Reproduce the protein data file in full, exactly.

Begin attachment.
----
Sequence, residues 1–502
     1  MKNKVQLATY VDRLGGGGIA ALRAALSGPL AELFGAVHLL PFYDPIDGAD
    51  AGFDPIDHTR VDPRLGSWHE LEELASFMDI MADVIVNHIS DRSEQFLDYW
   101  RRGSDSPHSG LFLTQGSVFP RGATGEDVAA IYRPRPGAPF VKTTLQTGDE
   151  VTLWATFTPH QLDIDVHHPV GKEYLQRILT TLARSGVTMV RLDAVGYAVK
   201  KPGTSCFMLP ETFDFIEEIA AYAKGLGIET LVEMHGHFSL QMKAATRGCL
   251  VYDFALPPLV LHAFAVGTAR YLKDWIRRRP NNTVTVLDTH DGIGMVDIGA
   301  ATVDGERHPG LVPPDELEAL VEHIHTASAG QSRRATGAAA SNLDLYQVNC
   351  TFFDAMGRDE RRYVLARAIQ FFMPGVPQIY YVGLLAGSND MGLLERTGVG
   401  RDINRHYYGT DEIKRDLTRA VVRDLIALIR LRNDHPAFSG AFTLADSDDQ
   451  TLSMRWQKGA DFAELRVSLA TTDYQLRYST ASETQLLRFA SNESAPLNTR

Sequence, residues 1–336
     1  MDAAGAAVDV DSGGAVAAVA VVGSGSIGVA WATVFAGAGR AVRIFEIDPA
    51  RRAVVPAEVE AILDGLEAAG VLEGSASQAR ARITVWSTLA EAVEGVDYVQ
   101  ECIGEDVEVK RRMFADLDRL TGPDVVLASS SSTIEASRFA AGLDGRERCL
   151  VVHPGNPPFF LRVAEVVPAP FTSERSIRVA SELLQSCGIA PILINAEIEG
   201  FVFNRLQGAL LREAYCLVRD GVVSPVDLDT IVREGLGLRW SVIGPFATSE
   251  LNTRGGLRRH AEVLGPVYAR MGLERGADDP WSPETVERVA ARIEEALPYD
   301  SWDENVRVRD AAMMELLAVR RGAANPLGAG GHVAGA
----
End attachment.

Sequence, residues 1–502
     1  MKNKVQLATY VDRLGGGGIA ALRAALSGPL AELFGAVHLL PFYDPIDGAD
    51  AGFDPIDHTR VDPRLGSWHE LEELASFMDI MADVIVNHIS DRSEQFLDYW
   101  RRGSDSPHSG LFLTQGSVFP RGATGEDVAA IYRPRPGAPF VKTTLQTGDE
   151  VTLWATFTPH QLDIDVHHPV GKEYLQRILT TLARSGVTMV RLDAVGYAVK
   201  KPGTSCFMLP ETFDFIEEIA AYAKGLGIET LVEMHGHFSL QMKAATRGCL
   251  VYDFALPPLV LHAFAVGTAR YLKDWIRRRP NNTVTVLDTH DGIGMVDIGA
   301  ATVDGERHPG LVPPDELEAL VEHIHTASAG QSRRATGAAA SNLDLYQVNC
   351  TFFDAMGRDE RRYVLARAIQ FFMPGVPQIY YVGLLAGSND MGLLERTGVG
   401  RDINRHYYGT DEIKRDLTRA VVRDLIALIR LRNDHPAFSG AFTLADSDDQ
   451  TLSMRWQKGA DFAELRVSLA TTDYQLRYST ASETQLLRFA SNESAPLNTR

Sequence, residues 1–336
     1  MDAAGAAVDV DSGGAVAAVA VVGSGSIGVA WATVFAGAGR AVRIFEIDPA
    51  RRAVVPAEVE AILDGLEAAG VLEGSASQAR ARITVWSTLA EAVEGVDYVQ
   101  ECIGEDVEVK RRMFADLDRL TGPDVVLASS SSTIEASRFA AGLDGRERCL
   151  VVHPGNPPFF LRVAEVVPAP FTSERSIRVA SELLQSCGIA PILINAEIEG
   201  FVFNRLQGAL LREAYCLVRD GVVSPVDLDT IVREGLGLRW SVIGPFATSE
   251  LNTRGGLRRH AEVLGPVYAR MGLERGADDP WSPETVERVA ARIEEALPYD
   301  SWDENVRVRD AAMMELLAVR RGAANPLGAG GHVAGA